Rossetti’s work and Pre-Raphaelitism were also circulated in America in the 1850s and 1860s via several magazines. The Crayon (1855–1861) reprinted a number of Rossetti’s poems from The Oxford and Cambridge Magazine, linking it to Pre-Raphaelitism but also formalising the connection between these two magazines, the painter-poet, and The Germ. The New Path (1863–1865), which shared much of The Germ’s ethos and approach, consistently praised Rossetti’s work—bringing his writing and his art to American audiences.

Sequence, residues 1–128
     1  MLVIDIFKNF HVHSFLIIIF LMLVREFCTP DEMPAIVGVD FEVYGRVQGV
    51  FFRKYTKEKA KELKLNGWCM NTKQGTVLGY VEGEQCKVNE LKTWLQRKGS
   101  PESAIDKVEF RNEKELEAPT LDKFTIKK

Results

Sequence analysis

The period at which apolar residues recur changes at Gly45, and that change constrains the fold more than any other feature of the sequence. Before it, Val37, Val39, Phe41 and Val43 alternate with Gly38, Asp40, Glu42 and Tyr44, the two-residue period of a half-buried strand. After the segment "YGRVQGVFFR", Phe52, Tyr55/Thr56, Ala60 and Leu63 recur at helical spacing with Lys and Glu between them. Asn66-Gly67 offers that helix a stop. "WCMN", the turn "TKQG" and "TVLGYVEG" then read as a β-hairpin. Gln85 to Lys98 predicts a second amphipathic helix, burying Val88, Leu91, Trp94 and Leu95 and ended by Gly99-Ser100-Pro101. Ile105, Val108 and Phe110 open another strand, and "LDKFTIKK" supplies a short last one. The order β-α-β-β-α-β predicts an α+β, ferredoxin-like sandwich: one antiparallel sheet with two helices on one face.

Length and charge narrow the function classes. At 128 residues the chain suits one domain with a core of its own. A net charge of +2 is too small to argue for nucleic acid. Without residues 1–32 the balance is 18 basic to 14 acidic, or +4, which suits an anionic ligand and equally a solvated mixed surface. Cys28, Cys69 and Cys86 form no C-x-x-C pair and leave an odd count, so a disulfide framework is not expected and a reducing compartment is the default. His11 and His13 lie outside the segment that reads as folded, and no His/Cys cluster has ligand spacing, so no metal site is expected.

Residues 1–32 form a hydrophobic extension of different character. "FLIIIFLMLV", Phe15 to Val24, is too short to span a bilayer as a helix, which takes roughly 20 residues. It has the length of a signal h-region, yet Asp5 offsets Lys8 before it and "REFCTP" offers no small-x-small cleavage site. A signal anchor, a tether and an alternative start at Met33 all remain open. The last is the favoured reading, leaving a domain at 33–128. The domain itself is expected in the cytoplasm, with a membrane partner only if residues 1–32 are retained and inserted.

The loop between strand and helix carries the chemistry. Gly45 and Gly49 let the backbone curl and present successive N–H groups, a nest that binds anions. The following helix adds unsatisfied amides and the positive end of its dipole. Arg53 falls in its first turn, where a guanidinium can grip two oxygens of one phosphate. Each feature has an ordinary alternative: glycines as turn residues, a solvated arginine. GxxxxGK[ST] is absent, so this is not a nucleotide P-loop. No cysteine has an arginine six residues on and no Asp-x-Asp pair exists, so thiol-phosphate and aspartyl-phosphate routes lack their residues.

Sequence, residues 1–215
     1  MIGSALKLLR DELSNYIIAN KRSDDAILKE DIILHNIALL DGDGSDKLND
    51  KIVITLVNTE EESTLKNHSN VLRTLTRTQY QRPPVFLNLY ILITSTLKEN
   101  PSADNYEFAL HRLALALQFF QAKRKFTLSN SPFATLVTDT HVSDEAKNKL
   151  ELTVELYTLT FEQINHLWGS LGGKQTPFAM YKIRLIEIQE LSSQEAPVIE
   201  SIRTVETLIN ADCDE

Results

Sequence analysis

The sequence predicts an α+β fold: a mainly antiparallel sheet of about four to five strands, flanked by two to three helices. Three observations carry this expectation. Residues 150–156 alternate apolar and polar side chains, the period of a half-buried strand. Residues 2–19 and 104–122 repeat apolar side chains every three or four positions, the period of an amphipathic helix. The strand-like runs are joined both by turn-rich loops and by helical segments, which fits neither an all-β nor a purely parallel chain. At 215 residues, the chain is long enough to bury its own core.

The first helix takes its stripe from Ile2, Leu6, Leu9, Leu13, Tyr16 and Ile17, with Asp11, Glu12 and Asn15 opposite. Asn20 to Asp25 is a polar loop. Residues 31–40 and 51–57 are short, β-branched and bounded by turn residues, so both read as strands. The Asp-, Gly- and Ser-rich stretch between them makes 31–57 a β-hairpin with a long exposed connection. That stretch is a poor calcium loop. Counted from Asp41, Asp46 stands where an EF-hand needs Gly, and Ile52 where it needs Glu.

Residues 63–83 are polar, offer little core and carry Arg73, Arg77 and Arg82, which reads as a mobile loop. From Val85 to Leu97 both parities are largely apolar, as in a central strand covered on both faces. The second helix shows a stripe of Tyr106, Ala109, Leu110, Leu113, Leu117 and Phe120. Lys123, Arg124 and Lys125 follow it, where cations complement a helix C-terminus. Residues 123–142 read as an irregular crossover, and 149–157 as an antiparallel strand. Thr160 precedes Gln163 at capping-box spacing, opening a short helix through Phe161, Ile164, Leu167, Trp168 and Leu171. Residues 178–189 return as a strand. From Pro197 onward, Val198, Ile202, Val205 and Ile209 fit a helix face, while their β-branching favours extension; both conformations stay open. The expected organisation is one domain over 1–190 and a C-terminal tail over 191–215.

Fin-de-siècle little magazines led a sustained revaluation and revival of the wood-engraved illustrations designed by Rossetti and other Pre-Raphaelite artists. The second volume of The Pageant, for example, carried Rossetti’s pen-and-ink drawing Hamlet and Ophelia (1858): the black-and-white illustrative style is distinctive and is a key example of fin-de-siècle recirculation of Pre-Raphaelite art and design (57). The wood-engraved illustrations were produced during the 1860s—termed “A Golden Decade in English Art” by Joseph Pennell (1857–1926) in first issue of The Savoy (1896)—and these included illustrations for the very book that launched the “Golden Decade.” Thirty of the fifty-two woodcut illustrations featured in the lavish Moxon Tennyson (1857) were designed by Rossetti, Millais, and Holman Hunt. These—and Rossetti’s illustrations for his sister Christina’s Goblin Market (1862)—influenced Aubrey Beardsley (1872–1898) and his illustrations of Salome (1894) by Oscar Wilde (1854–1900). Ricketts and Laurence Housman (1865-1959) were influenced not only by Rossetti’s black-and-white designs but also by their reproductive medium. Each relied extensively on wood-engraved illustrations in the magazines they edited—The Dial and The Venture (1903) respectively.